Environmentalists are taking over this faded mining town 120 miles northwest of Las Vegas, but many locals don’t seem to mind.
The Nature Conservancy is now the largest private landowner in this part of Nye County, where the national environmental group is working with local residents to recast the area as a preserve for sensitive desert wildlife and a destination for outdoor enthusiasts.
The conservancy closed on its latest acquisition Wednesday: a working, 900-acre cattle ranch at the headwaters of the Amargosa River north of Beatty that could one day become a living laboratory for conservation work, though ranching will continue.
The $2 million purchase more than
doubles its already extensive holdings along the lush ribbon of riparian habitat known as the Oasis Valley.
“I don’t have a concern with that like I might have 10 years ago, because they’ve demonstrated they’re willing to work with us. That’s important to us,” said David Spicer, one of the conservancy’s neighbors near Beatty.
Spicer is a rancher, miner and businessman who has lived in the Beatty area nearly all his life. He’s also the leader of a local, decades-long campaign to protect the native Amargosa toad and keep it off the endangered species list.
He said the Nature Conservancy has been an important partner from the beginning.
“We’ve had a relationship with them for more than 20 years now,” said Spicer, who heads a nonprofit of his own: Saving Toads thru Off-Road Racing, Ranching &Mining in Oasis Valley or STORM-OV for short.
As a result of the grassroots effort in Beatty, much of the rare amphibian’s habitat along the river has been protected without cutting off access to the land or burying local residents in red tape, Spicer said. The toad population is now considered healthy and stable, with numbers in the thousands.
‘The crown jewel’
Through purchase or donation, the conservancy has acquired eight parcels totaling more than 1,600 acres in and around Beatty since 1999.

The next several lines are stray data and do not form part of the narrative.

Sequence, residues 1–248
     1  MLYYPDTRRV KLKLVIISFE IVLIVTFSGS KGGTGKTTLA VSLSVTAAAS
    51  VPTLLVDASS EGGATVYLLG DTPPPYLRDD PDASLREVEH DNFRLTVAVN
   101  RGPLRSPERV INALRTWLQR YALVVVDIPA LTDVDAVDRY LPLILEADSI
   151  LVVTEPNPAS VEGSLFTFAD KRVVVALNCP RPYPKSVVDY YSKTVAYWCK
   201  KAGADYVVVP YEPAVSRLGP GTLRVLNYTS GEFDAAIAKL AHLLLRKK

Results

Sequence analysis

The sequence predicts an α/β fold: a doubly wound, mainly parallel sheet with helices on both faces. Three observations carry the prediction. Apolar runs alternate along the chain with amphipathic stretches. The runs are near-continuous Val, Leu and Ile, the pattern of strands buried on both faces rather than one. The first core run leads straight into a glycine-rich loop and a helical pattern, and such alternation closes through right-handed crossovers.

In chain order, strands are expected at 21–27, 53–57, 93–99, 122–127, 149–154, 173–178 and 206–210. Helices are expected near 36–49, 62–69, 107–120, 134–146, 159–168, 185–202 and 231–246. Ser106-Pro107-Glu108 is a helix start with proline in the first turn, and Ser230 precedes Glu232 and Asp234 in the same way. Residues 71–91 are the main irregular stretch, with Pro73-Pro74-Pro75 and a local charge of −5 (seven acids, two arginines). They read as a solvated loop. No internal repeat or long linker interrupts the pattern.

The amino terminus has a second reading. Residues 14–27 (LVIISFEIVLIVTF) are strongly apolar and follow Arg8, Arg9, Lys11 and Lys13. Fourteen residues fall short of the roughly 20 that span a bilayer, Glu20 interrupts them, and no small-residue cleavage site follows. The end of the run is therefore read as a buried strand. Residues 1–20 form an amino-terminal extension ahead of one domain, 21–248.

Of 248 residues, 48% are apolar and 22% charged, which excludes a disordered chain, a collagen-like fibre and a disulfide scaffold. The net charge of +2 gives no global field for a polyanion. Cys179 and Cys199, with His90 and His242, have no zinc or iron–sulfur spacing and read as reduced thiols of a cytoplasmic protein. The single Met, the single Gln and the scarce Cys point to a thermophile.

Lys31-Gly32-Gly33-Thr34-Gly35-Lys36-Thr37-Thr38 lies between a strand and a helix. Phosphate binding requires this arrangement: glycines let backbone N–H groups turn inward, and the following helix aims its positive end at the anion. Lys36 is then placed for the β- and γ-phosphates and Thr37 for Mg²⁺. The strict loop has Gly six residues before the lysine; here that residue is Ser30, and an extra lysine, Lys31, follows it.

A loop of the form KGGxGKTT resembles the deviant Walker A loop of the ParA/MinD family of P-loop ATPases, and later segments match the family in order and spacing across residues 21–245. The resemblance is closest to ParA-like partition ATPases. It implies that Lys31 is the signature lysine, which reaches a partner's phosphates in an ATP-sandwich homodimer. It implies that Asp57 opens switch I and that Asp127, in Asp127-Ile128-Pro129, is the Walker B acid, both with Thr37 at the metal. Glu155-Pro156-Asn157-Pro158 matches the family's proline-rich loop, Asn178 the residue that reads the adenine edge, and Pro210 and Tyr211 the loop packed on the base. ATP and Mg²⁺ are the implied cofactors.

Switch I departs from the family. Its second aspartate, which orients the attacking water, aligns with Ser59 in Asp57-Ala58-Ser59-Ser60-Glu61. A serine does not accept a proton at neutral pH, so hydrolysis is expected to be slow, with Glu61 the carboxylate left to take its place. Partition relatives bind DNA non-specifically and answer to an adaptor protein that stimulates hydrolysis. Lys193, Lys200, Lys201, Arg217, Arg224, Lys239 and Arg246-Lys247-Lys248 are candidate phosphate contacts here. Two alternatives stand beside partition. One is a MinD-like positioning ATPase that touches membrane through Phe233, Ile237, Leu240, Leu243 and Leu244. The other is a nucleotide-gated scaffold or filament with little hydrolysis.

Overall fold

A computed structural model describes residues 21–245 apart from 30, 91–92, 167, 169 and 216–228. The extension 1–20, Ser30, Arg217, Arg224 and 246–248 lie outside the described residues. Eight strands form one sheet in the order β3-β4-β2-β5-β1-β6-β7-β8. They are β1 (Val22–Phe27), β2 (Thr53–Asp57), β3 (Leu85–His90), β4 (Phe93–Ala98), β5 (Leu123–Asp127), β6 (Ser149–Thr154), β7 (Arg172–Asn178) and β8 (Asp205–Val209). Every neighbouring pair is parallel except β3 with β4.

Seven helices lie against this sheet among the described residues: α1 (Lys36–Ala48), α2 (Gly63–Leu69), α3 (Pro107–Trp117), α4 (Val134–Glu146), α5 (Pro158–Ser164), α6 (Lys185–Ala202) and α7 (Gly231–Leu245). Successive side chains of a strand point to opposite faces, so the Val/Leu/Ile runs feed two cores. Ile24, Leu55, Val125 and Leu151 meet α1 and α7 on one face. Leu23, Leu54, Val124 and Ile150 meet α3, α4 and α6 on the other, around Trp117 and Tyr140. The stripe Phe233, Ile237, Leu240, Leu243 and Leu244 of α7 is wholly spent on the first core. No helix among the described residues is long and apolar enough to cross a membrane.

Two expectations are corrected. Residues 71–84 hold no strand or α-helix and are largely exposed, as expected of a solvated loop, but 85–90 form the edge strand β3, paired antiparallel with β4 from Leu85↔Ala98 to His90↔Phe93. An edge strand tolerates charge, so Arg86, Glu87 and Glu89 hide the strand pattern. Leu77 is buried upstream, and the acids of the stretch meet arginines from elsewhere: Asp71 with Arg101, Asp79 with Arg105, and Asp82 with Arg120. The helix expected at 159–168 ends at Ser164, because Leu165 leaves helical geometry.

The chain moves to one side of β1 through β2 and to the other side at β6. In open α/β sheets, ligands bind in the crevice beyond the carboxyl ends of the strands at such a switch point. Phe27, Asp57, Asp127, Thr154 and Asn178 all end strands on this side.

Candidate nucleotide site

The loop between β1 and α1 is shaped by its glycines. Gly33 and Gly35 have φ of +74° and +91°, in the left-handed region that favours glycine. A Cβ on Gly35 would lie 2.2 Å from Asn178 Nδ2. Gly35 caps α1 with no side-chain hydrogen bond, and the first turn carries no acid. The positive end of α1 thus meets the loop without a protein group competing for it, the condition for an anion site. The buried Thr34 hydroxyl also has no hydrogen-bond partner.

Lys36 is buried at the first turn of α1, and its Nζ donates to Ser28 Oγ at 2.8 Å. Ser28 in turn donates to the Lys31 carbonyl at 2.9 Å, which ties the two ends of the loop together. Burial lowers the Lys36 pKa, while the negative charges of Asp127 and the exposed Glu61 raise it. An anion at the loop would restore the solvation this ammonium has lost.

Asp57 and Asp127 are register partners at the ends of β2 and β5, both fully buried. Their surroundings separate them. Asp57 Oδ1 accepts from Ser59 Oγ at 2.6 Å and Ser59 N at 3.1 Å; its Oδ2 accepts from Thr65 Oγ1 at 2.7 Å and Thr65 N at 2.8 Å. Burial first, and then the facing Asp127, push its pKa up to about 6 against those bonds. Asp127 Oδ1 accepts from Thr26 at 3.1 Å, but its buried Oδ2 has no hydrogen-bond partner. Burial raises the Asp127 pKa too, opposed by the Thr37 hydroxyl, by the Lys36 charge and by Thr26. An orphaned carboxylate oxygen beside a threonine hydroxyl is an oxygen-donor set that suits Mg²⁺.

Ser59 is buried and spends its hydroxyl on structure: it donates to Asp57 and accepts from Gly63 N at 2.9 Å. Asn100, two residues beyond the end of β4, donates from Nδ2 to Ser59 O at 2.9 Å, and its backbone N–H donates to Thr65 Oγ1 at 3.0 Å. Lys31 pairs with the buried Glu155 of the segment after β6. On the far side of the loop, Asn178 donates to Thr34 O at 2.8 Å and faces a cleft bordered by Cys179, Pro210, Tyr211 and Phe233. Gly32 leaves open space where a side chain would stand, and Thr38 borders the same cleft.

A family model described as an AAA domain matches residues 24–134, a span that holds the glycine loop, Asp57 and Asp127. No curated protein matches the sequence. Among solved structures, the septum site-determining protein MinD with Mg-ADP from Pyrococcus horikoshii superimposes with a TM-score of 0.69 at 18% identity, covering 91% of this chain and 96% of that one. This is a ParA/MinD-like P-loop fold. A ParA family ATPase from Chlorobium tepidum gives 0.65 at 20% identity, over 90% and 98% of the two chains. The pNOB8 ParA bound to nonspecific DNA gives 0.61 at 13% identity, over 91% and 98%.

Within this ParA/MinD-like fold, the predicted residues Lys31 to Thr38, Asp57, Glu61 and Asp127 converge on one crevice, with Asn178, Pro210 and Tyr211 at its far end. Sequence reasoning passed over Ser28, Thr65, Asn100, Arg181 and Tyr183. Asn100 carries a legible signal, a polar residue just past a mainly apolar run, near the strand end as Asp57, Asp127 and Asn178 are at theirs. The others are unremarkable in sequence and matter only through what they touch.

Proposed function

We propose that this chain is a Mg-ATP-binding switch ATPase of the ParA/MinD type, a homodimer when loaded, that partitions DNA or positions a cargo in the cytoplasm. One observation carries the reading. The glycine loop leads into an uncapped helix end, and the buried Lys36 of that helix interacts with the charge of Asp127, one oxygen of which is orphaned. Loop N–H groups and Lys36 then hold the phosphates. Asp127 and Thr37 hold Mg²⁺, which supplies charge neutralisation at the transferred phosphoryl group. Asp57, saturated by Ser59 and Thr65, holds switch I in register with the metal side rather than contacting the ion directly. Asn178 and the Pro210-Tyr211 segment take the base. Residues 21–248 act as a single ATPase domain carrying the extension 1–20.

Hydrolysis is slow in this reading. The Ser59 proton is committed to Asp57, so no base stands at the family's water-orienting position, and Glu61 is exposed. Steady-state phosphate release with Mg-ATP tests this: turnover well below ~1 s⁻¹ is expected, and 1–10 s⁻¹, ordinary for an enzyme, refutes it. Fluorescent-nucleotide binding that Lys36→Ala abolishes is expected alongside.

The group has mostly avoided the sort of backlash environmentalists often face in rural Nevada by being a good neighbor, said Ryan Tweney, who retired to Beatty 14 years ago and now chairs the town’s library board.
“The Nature Conservancy has been a huge help to the town in terms of preserving what we need to preserve,” he said. “I think it’s great.”
And it doesn’t hurt that the nonprofit organization insists on paying taxes on its holdings, the way any other private landowner would, he said.
The conservancy’s newest property in the area could be the most important, said John Zablocki, Southern Nevada conservation director for the group.
Tucked away behind the hills northeast of U.S. Highway 95, the 7J Ranch is dotted with ponds, wet meadows and rich pastureland fed by more than a dozen springs. The ranch is bracketed by Joshua trees on one side and sagebrush on the other, marking the transition zone between the Great Basin and the Mojave Desert.
Zablocki calls it “the crown jewel of the Oasis Valley.”
Len Warren, Amargosa River project manager for the conservancy, has lots of ideas for the 900-acre spread. As he walked around the property on a recent Friday, he pointed out where native trees could be planted to provide bird habitat or where a pond stocked with bass might be converted into a safe haven for the Amargosa toad and endemic springfish like the Oasis Valley speckled dace.